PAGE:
Implementation of the Daimler Standard
Federal appellate courts in the U.S. have applied the rule articulated in Daimler to recognition and enforcement proceedings. See, e.g., Sonera Holding B.V. v. Cukurova Holding A.S.,750 F.3d 221, 223 (2d Cir. 2014). This shift in the threshold requirement of “general” jurisdiction to a stricter threshold of having a place of incorporation from the erstwhile lower threshold of having continuous and systematic business activities has created potential hurdles for parties in such proceedings that cannot establish the kind of contacts with a state that would authorize “all purpose” or “general” jurisdiction. Consequently, foreign parties may find themselves potentially engaged in expensive and/or otherwise protracted litigation aimed at finding assets and/or contacts that will authorize a U.S. court to exercise “specific jurisdiction” with no ultimate guarantee of success. In practice, this means that a foreign party may be involved in a litigation in the U.S. over several years only to find out that they will be unable to enforce their arbitration award.
Does Property-based Jurisdiction Provide a Respite from the Daimler Standard?
As noted above, a party seeking to enforce a foreign award may rely upon the assets of a foreign award debtor to establish jurisdiction. However, there are certain limitations when relying upon such property-based jurisdiction. Generally, there is a limit on the recovery amount, as courts will confirm the award only to the extent of assets present in the jurisdiction. See, e.g., CME Media Enters. B.V. v. Zelezny, 2001 WL 1035138 (S.D.N.Y. Sept. 10, 2001). In addition, courts may be reluctant to order any kinds of additional remedies besides orders against the property. Id. Because such jurisdiction relies on the contemporaneous presence of the property in the forum state, award debtors can also potentially defeat in rem jurisdiction by moving their property out of the forum state. To preempt such situations the award creditors often obtain a pre-judgment attachment of properties under the applicable state law (For example: under N.Y. C.P.L.R. § 5305 (2016)) which is possible when the foreign arbitral award is converted into a foreign judgment, as explained below.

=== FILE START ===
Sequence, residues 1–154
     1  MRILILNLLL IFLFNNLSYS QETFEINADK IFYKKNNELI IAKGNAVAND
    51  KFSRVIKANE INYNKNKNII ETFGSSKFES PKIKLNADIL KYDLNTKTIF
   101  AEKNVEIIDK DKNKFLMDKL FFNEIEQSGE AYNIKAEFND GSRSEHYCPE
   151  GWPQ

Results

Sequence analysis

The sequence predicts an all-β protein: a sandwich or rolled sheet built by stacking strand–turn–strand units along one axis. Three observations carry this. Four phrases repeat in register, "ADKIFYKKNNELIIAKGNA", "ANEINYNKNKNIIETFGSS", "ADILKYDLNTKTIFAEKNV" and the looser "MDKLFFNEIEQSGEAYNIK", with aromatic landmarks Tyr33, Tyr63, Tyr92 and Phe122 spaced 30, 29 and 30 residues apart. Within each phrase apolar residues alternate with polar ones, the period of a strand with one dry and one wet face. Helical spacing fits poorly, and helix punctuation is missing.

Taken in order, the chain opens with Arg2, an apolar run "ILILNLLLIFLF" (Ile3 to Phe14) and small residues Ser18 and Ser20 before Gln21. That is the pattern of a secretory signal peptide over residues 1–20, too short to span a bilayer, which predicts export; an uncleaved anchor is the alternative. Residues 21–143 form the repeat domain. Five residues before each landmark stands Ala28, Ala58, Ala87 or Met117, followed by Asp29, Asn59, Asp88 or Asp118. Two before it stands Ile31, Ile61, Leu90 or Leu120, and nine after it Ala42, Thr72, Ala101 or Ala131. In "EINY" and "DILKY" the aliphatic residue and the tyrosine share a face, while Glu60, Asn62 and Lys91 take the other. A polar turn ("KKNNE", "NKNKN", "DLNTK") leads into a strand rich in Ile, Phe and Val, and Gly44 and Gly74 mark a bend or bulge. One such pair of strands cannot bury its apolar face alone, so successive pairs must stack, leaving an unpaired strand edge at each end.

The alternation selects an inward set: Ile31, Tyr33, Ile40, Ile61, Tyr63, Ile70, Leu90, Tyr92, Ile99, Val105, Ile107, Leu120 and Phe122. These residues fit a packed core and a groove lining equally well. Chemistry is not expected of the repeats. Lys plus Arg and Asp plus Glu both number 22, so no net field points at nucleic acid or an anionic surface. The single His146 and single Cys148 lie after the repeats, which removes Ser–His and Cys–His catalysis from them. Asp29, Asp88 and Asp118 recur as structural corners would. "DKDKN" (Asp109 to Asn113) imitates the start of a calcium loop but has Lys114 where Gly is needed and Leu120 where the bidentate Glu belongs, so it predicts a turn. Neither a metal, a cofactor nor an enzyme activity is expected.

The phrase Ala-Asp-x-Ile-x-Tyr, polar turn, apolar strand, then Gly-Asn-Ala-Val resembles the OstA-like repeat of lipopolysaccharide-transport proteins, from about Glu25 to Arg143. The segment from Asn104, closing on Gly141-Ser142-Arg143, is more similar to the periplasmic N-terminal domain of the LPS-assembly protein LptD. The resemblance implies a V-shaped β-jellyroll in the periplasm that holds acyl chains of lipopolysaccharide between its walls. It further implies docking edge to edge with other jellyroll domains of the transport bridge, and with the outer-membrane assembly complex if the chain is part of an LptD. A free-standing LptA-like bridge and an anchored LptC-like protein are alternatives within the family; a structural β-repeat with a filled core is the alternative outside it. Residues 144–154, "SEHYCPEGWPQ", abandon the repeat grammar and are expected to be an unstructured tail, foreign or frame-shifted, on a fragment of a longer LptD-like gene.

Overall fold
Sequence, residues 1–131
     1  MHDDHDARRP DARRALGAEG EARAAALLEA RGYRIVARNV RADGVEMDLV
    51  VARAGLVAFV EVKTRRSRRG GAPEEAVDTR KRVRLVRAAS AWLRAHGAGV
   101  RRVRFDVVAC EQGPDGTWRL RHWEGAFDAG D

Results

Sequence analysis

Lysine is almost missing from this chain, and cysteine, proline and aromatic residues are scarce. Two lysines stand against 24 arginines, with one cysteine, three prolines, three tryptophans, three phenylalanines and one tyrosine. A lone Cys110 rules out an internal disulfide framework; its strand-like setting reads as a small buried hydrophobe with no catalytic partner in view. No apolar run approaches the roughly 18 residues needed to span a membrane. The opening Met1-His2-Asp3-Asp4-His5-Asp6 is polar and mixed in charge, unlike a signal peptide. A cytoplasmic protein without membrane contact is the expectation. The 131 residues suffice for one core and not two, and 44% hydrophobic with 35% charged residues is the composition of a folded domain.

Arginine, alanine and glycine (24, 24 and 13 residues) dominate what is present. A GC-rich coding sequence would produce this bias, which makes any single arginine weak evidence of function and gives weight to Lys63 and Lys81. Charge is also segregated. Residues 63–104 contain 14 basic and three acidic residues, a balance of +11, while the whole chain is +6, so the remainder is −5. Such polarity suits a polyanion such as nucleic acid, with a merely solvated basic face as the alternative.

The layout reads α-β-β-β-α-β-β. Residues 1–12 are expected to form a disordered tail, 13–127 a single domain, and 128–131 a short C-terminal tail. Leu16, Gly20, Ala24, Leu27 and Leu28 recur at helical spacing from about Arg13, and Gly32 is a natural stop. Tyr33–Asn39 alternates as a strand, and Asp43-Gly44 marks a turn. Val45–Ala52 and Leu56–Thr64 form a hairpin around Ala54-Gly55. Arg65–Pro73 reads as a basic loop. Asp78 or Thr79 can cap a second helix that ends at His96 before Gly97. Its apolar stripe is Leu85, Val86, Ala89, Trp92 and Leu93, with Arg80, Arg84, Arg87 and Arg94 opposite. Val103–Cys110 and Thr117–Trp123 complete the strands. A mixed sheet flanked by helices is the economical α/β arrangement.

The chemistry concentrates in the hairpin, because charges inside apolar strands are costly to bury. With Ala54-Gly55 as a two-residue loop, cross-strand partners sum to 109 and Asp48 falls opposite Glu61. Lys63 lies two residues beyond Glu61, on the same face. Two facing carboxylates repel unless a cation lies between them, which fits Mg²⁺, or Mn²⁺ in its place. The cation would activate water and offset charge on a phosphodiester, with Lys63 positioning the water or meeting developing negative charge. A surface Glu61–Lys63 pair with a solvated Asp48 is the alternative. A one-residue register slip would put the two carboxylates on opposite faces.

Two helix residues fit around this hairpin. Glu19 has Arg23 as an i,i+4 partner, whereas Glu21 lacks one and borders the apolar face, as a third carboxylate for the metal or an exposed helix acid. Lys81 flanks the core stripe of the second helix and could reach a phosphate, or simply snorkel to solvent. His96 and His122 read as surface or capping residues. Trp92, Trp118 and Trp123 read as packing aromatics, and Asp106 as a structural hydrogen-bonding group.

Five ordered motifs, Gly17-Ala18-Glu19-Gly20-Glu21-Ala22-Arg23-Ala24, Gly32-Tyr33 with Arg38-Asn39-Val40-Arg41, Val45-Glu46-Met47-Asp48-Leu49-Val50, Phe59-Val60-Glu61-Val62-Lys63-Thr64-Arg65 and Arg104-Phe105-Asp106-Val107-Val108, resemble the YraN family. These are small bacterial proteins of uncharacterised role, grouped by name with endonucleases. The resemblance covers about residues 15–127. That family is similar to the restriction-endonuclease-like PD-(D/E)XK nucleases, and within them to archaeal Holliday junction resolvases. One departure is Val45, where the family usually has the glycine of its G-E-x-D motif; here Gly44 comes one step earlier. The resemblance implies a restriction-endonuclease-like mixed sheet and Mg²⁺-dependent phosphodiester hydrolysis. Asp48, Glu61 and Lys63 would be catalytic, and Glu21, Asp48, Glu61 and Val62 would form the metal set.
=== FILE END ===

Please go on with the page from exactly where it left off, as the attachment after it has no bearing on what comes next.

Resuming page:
Thus, an enforcing party may also rely upon a double exequatur or dual enforceability approach as discussed in a previous post. This is an indirect route to enforce a foreign arbitration award by converting the award into a foreign judgment recognizing the award, and then seeking recognition of that foreign judgment in the U.S. The personal jurisdiction rules for recognition of foreign judgments are somewhat more flexible when there is no opposition to the enforcement proceeding but not when the defendant challenges or opposes the enforceability of the judgment on substantive grounds. AlbaniaBEG Ambient Sh.p.k v. Enel S.p.A., 160 A.D.3d 93 ( N.Y. 1st Dept 2018).
Although “specific” jurisdiction may offer an easier alternative to satisfying a party’s jurisdictional burden, an enforcing party seeking to rely on such a basis for asserting personal jurisdiction will generally need to show that the award debtor “transacts any business within the state or contracts anywhere to supply goods or services in the state” and the cause of action arises from this conduct. N.Y. C.P.L.R. § 302(a)(1).